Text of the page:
Tags: costa concordia | captain | trial | delayed

Costa Concordia Captain's Trial Delayed Due to Lawyer Strike in Italy

Image: Costa Concordia Captain's Trial Delayed Due to Lawyer Strike in Italy

Tuesday, 09 Jul 2013 02:43 PM

By Clyde Hughes

The trial of the Costa Concordia cruise liner captain, who faces multiples charges of manslaughter, has been delayed due to a lawyers' strike in Italy. The ship flipped on its side near Giglio, Italy, in January 2012 after moving too close to the shore.

Captain Francesco Schettino's trial was postponed until July 17, said The Guardian.

The newspaper said lawyers nationwide are angry about measures aimed at streamlining civil trials. Attorneys are also mad at justice minister Anna Maria Cancellieri for accusing them of blocking the reforms.

Urgent: Is Obamacare Hurting Your Wallet? Vote in Poll

The International Business Times reports that data from the ship's black box suggests Schettino steered it too close to the coast in the hope of performing a sail-past salute to the island's inhabitants.

The cruise ship, which still sits outside the Tuscan port of Giglio, struck rocks during the maneuver, which eventually caused the vessel to tumble onto its side. A chaotic evacuation of 4,000 passengers followed.

The Costa Concordia shipwreck killed 32 people. Schettino could face up to 20 years in jail, his lawyer has said, according to The Guardian.

Schettino's public image has taken a beating since the wreck, dubbed "captain coward" after he was accused of abandoning the ship before some passengers as it sank, according to the International Business Times.

Prosecutors accepted plea deals from four officials connected with the Costa Cruises, which owns the cruise ship, The Guardian said. Prosecutors, though, rejected a deal for Schettino, leaving him for trial.

Americans Gerald and Barbara Heil of Minnesota were among the 32 people who died in the shipwreck, according to CBS News.

CBS reported that Schettino's lawyers will likely argue in trial that the captain saved lives that day by his actions and does not bear sole responsibility for the accident, that it should be shared with the crew and ship owners. CBS News said that hundreds of witnesses and plaintiffs could be called during the trial.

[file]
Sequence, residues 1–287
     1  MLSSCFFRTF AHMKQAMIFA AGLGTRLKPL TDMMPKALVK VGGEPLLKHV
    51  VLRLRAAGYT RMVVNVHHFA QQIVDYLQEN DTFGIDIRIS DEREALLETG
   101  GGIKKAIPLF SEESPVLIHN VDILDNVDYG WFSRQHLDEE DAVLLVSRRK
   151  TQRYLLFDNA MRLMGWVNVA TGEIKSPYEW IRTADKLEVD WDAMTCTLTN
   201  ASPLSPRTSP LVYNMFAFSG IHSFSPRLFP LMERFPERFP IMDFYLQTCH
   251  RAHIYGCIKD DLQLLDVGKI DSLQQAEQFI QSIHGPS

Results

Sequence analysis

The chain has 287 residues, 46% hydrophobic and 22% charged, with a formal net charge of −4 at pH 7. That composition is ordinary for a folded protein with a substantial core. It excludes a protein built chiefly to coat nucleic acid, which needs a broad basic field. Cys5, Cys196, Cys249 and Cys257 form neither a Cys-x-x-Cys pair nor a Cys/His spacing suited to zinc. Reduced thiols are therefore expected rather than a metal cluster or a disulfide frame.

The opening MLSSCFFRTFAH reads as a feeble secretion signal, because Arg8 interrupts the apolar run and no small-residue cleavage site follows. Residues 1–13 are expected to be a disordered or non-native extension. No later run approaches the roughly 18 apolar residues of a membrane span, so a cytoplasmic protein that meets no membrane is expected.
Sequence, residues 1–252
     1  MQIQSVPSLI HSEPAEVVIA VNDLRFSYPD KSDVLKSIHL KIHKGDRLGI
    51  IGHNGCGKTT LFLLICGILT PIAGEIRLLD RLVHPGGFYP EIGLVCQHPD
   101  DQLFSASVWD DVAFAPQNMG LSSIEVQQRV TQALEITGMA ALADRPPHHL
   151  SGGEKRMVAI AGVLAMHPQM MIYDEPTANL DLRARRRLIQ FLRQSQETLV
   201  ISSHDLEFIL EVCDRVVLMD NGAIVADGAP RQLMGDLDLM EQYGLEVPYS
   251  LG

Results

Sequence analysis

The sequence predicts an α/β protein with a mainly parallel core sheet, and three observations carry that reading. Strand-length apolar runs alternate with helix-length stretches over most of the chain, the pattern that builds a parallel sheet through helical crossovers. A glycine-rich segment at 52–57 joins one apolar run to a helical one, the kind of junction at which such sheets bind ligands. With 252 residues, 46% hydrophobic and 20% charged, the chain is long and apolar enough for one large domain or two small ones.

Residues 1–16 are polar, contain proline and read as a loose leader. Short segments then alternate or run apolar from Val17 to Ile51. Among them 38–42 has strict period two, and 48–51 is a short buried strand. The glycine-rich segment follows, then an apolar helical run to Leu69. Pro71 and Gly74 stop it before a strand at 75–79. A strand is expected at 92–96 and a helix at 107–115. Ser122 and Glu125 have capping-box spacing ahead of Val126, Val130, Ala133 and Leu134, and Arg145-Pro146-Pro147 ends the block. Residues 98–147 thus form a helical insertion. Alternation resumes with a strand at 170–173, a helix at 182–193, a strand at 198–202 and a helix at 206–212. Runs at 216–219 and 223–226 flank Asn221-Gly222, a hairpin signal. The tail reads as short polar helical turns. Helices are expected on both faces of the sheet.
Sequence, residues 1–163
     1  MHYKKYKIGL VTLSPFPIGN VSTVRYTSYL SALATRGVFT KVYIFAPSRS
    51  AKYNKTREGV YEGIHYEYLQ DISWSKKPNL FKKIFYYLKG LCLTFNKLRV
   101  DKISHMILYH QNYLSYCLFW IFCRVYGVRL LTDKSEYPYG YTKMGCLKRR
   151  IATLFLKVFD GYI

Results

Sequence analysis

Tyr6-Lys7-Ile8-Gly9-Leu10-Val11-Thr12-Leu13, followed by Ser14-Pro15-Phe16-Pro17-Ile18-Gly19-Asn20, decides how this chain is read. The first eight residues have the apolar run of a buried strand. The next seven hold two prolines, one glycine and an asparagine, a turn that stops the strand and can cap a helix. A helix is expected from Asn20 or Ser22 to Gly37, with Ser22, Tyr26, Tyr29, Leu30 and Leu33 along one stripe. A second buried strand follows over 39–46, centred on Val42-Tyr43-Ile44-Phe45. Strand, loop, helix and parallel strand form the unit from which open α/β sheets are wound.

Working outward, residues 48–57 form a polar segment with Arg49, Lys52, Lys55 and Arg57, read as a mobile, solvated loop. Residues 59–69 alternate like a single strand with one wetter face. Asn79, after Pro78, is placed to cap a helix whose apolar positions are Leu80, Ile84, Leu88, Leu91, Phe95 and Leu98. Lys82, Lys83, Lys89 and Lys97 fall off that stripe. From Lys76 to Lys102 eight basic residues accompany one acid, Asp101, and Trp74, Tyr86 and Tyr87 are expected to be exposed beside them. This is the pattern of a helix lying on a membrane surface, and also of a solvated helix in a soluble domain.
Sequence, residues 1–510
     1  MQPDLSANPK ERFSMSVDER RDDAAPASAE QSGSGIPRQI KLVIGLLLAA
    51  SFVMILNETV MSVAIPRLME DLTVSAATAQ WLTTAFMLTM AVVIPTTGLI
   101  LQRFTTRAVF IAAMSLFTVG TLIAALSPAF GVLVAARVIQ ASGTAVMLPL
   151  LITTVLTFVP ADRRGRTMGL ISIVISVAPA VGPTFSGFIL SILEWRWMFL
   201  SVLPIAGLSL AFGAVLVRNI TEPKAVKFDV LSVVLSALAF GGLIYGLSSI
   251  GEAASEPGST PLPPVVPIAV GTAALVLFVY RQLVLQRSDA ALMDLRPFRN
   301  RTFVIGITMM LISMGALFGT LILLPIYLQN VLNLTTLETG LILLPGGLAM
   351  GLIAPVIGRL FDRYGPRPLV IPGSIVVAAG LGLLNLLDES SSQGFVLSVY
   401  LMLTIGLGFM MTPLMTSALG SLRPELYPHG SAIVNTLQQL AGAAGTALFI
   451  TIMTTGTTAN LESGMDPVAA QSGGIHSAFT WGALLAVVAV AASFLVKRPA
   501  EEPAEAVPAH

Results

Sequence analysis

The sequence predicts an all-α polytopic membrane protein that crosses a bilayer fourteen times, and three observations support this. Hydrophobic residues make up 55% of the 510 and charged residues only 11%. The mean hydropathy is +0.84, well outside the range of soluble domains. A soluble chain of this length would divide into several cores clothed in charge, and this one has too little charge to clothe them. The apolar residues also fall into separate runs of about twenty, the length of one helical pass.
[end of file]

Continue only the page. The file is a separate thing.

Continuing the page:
In the meantime, work continues for a planned salvage of the ship. The first phase of the huge joint U.S.-Italian operation, which is designed to bring the ship into its upright position, is scheduled to take place in September, according to CBS News.

Editor's Note: Get the Navy SEALs Cap – Celebrate Our Heroes

Related stories:

Cruise Ship Overboard: Couple Seen Falling From Carnival Spirit

Costa Concordia Shipwreck Captain to Face Italy Manslaughter Trial

© 2015 Newsmax. All rights reserved.

Around the Web
Join the Newsmax Community
Please review Community Guidelines before posting a comment.
>> Register to share your comments with the community.
>> Login if you are already a member.
blog comments powered by Disqus
Zip Code:
Privacy: We never share your email.
Hot Topics
Follow Newsmax
Like us
on Facebook
Follow us
on Twitter
Add us
on Google Plus
You May Also Like

Glassdoor: 25 Best Jobs in America for 2015 Topped by Tech, Healthcare

Wednesday, 28 Jan 2015 20:19 PM

Glassdoor has released its inaugural report 25 Best Jobs in America for 2015, and jobs in technology, healthcare, and pr . . .

Ludacris Custody Battle: Rapper Wins Full Custody of 13-Month-Old Cai

Wednesday, 28 Jan 2015 19:37 PM

In a custody battle for his daughter, rapper and actor Ludacris, whose real name is Chris Bridges, has been granted full . . .

Easter Island Mystery Solved? Research Suggests Cause of Demise

Wednesday, 28 Jan 2015 19:13 PM

New research is shedding light on the Easter Island mystery concerning what caused the downfall of the natives of the is . . .

Top Stories

Newsmax, Moneynews, Newsmax Health, and Independent. American. are registered trademarks of Newsmax Media, Inc. Newsmax TV, and Newsmax World are trademarks of Newsmax Media, Inc.

America's News Page
©  Newsmax Media, Inc.
All Rights Reserved